The rifts and disarray among Israel’s top leaders erupted into the open on Sunday when Prime Minister Benjamin Netanyahu appeared to blame the military and security establishment for the failures that led to the surprise Hamas assault on Oct. 7 — even as Israeli forces were broadening their ground war in Gaza.

The comments by Mr. Netanyahu on X, formerly Twitter, prompted a furious response, including from within his own war cabinet. The post was deleted, and the Israeli leader apologized in a new post, saying: “I was wrong.”

Among the first to call out Mr. Netanyahu’s comments was Benny Gantz, a centrist former defense minister and military chief who, for the sake of national unity, left the ranks of the parliamentary opposition to join Mr. Netanyahu’s emergency war cabinet in the days after the Oct. 7 massacre. At least 1,400 people were killed in the Hamas attacks, the deadliest day for Israel in its 75-year history, and more than 220 people were taken as hostages to Gaza.

Although many senior officials, including military and security chiefs and the defense minister, Yoav Gallant, have accepted some responsibility for Israel being caught so off-guard, Mr. Netanyahu has declined to do so. He has said several times, most recently at a news conference on Saturday evening, that after the war tough questions would be asked of everybody, including himself. Mr. Netanyahu has been in power for 14 of the past 16 years.

Mr. Netanyahu’s refusal to publicly accept blame has further shaken confidence in his leadership, which had fallen even before the war, in part because of his efforts to push through a judicial overhaul that sparked huge nationwide protests. Opinion surveys since Oct. 7 have indicated overwhelming public trust in the military and plummeting faith in government officials.

The news conference on Saturday was an attempt by the government to show unity: Mr. Netanyahu, Mr. Gallant and Mr. Gantz appeared alongside one another, and the prime minister answered questions from reporters for the first time since Oct. 7.

Many of the questions focused on responsibility for the Hamas attack. Hours afterward, Mr. Netanyahu sought to deflect blame from himself, instead directing it at the security establishment — and specifically the heads of military intelligence and the Shin Bet internal security agency.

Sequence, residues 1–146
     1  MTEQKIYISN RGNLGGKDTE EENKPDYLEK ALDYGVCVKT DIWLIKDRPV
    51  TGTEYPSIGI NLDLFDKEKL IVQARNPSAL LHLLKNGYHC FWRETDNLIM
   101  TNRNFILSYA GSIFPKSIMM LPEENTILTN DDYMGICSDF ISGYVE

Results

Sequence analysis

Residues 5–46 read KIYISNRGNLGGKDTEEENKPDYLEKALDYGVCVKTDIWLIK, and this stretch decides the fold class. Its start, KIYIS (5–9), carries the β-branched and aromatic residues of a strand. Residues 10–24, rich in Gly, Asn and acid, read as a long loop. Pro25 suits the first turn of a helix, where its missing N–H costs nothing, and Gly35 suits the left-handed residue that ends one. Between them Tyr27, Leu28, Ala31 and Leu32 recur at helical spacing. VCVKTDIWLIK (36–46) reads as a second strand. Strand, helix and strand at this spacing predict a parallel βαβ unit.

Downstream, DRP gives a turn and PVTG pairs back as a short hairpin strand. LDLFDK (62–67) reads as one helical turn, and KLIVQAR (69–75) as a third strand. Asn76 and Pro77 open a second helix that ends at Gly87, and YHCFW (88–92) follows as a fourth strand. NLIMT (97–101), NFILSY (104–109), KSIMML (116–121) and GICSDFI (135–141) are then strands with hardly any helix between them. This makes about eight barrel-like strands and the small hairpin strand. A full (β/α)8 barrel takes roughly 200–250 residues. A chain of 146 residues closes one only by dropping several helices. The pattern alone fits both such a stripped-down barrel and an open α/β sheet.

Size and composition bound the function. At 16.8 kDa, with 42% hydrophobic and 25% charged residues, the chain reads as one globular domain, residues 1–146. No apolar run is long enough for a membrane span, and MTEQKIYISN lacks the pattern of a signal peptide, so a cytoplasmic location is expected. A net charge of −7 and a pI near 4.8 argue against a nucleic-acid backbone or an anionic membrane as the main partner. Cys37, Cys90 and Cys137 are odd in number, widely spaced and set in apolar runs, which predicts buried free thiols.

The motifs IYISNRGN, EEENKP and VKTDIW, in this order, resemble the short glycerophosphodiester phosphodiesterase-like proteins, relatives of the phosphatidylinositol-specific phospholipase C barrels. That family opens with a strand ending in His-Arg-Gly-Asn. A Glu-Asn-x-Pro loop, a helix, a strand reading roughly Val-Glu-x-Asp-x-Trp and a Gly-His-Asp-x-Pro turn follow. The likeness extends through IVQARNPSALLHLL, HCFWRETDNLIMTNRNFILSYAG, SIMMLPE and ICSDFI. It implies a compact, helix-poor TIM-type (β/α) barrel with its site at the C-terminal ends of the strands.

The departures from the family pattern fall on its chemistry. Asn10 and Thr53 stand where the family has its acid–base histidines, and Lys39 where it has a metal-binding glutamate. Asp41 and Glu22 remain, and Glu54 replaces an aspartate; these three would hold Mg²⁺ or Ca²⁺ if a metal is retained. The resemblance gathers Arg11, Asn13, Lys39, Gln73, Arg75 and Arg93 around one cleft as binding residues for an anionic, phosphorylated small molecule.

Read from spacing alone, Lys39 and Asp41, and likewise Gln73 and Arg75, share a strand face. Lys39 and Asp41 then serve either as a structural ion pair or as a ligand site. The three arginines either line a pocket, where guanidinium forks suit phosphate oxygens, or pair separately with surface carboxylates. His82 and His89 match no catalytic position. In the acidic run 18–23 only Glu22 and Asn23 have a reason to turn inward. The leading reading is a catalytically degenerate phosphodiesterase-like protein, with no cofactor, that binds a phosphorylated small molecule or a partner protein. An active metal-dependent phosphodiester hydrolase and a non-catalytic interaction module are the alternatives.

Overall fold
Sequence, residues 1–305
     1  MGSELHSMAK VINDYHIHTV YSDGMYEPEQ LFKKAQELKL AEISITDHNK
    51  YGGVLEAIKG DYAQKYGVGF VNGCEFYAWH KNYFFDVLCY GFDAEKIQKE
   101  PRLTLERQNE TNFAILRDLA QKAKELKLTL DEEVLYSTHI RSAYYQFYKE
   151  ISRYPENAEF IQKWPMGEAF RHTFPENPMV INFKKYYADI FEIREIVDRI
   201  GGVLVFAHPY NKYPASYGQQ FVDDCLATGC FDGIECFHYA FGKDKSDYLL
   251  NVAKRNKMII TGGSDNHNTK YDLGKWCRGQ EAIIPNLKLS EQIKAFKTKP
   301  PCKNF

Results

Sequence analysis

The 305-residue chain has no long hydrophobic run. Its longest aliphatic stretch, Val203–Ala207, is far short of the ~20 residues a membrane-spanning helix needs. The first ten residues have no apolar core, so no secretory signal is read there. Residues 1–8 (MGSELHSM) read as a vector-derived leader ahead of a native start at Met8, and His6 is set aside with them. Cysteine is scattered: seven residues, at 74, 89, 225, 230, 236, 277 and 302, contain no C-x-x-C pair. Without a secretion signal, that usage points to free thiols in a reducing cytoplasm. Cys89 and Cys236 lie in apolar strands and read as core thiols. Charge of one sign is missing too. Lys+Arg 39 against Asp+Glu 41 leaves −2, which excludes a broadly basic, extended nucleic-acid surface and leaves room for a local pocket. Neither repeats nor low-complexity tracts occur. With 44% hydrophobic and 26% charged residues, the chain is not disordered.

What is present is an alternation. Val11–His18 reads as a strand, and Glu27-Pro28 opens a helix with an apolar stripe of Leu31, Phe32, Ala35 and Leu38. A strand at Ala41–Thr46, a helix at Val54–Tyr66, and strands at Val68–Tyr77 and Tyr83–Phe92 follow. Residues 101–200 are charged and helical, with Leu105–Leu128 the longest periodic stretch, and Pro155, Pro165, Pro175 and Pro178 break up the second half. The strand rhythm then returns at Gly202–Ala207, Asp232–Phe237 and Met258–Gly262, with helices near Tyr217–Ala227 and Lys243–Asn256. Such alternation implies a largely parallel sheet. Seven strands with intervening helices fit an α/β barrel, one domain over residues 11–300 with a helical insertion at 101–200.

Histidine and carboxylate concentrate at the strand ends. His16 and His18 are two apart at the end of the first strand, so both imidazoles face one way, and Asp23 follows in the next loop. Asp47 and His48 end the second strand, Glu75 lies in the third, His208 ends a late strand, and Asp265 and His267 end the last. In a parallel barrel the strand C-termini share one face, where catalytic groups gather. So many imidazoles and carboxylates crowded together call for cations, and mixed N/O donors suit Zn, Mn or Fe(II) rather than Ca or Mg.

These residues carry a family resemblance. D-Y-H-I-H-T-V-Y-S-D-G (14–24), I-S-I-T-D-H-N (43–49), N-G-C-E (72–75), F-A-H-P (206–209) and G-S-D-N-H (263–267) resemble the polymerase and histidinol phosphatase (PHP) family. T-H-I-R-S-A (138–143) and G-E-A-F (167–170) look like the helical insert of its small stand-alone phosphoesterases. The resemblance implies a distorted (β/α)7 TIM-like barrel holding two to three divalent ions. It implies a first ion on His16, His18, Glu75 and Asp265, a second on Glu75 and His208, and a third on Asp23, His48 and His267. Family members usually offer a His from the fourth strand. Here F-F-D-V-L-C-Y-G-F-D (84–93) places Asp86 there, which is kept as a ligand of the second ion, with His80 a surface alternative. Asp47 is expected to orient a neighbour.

“Under no circumstances and at no stage was Prime Minister Netanyahu warned of war intentions on the part of Hamas,” his post read. “On the contrary, the assessment of the entire security echelon, including the head of military intelligence and the head of Shin Bet, was that Hamas was deterred and was seeking an arrangement.”

“This was the assessment presented time and again to the prime minister and the cabinet by all the security echelon and the intelligence community, including right up until the outbreak of the war,” it added.

Mr. Gantz responded with a sharp post expressing his full support for the military and the Shin Bet, which is playing a key role in the war, and urging Mr. Netanyahu to retract his statement.

“When we are at war, leadership means displaying responsibility, deciding to do the right things and strengthening the forces so that they will be able to carry out what we are demanding of them,” Mr. Gantz wrote.

The centrist leader of the opposition, Yair Lapid, said Mr. Netanyahu had “crossed a red line.” Another former military chief, Gabi Ashkenazi, told Mr. Netanyahu to remove his post, adding, “We are at war.”

Following the backlash, Mr. Netanyahu’s post was removed. In a new post late Sunday morning, showing an unusual level of contrition, he wrote: “I was wrong. Things I said following the news conference should not have been said and I apologize for that.”

Expressing his support for the security branch heads, the military chief of staff and commanders and soldiers in the field, he added: “Together we will win.”

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